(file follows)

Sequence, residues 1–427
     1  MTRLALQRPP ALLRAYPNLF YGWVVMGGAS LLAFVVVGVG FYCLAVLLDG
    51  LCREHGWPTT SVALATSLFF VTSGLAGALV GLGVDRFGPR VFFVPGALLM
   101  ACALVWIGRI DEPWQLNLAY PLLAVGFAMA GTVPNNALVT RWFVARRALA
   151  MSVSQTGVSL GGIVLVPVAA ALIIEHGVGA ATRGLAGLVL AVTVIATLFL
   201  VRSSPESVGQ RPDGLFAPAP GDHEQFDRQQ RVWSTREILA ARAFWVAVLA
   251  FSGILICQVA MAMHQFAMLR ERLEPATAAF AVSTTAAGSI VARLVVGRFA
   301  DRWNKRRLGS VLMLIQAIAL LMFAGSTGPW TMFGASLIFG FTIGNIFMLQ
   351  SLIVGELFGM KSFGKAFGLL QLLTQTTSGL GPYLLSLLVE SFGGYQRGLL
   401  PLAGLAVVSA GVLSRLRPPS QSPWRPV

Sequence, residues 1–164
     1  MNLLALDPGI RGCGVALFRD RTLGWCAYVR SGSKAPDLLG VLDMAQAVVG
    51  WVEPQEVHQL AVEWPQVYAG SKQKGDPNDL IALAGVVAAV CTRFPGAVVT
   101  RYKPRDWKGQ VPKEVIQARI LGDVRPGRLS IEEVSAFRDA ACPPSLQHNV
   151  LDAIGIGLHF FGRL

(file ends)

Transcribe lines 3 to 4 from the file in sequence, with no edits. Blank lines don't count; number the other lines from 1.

    51  LCREHGWPTT SVALATSLFF VTSGLAGALV GLGVDRFGPR VFFVPGALLM
   101  ACALVWIGRI DEPWQLNLAY PLLAVGFAMA GTVPNNALVT RWFVARRALA